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May 29, 2008


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IIRC, this sounds very similar to Vanguard's Total Retirement funds

Looks like the same idea as the 'lazy portfolios':

They have a 3 fund portfolio named 'Margaritaville Portfolio'. Its made of 33% each of Vanguard Inflation-Protected Securities, Vanguard Total International Stock Index VGTSX and Vanguard Total Stock Market Index.


If you sub the VG total international stock for the Vanguard FTSE index you also get exposure to Canada and can take advantage of the foreign tax credit.

Question - I am new to investing and plan to start slowly accumulating a next egg to put into index funds (this is our next level of savings now that we max out the 401ks). I just looked into Vanguard funds and it seems that all of their index funds require $3000 min. investment to get started. Meaning that I would need to have at least $9000 initially to buy into the 3 funds above, adn even more to get to that portfolio ratio. Am I correct on this? Is there a way to buy into index funds (preferabily vanguard) with small amounts, i.e. a few hundred $$?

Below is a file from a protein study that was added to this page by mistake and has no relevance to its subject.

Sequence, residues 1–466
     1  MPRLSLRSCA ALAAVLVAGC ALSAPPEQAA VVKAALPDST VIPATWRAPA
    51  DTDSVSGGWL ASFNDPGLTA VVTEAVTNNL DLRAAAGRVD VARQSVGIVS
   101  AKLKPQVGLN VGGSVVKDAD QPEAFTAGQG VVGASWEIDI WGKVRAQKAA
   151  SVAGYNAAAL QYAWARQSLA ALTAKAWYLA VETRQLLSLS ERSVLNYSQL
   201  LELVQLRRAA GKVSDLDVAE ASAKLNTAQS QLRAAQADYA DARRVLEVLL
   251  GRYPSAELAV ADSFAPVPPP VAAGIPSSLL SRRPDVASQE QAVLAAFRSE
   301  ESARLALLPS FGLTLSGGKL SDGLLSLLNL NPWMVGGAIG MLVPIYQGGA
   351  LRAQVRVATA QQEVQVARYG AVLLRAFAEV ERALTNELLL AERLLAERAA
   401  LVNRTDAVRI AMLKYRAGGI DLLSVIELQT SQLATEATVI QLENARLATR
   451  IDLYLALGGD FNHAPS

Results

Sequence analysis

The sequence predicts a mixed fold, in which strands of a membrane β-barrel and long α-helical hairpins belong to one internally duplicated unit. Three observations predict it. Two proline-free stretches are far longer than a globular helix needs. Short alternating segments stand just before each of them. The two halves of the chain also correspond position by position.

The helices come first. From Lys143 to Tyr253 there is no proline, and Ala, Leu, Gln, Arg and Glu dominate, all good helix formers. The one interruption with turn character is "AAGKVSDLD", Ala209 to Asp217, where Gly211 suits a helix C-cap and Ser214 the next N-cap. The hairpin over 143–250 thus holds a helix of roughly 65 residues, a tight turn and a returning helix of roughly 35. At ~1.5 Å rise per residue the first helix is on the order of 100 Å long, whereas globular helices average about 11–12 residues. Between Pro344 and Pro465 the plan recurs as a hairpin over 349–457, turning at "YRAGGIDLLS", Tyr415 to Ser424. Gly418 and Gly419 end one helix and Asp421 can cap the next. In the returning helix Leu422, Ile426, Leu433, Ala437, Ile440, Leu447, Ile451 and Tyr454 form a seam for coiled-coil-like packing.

those three only really hit 5 asset categories, and it is mostly large, not enough small.

You need more small for good asset diversification.


While I've read that T Rowe Price (and a few others) have lower minimums if you set up regular purchases, I would still go with Vanguard. I would suggest opening an account containing the Total Int'l Stock Index, then add the other funds when you are able to. If I could only have one mutual fund, this would be it, I started a few of my friends with this one fund and it has worked well for them.


I believe the Total Stock Market and Total International Stock funds contain a mix of small, medium and large companies.

Amy -


As I understand it, if you don't meet the minumums, you usually just pay a small annual fee ($10 per fund).


Another option is buying the ETF versions of these funds, which have no minimums.

VTI - Vanguard Total Stock Market
VEU - Vanguard FTSE All-World ex-US
BND - Vanguard Total Bond Market

There will be brokerage fees on these, as if you were trading a stock. So you would have to weigh that vs. fees for not meeting the minimum on the mutual funds.

Is this still the diversification ratio you maintain for your fund investments? Are these still the funds you are investing in?

Matt --

I'm in the process of rebalancing my funds, but this is pretty close to what I'm using. For even more details, check out this post:

be far better off just owning..
VWELX for Growth
VWINX for Conservative & Post Retirement

Main reason to Use Bal funds? They take the #1 worse enemy & dummy running the port out of the equation..
This is the #1 cause for Portfolio's to fail..

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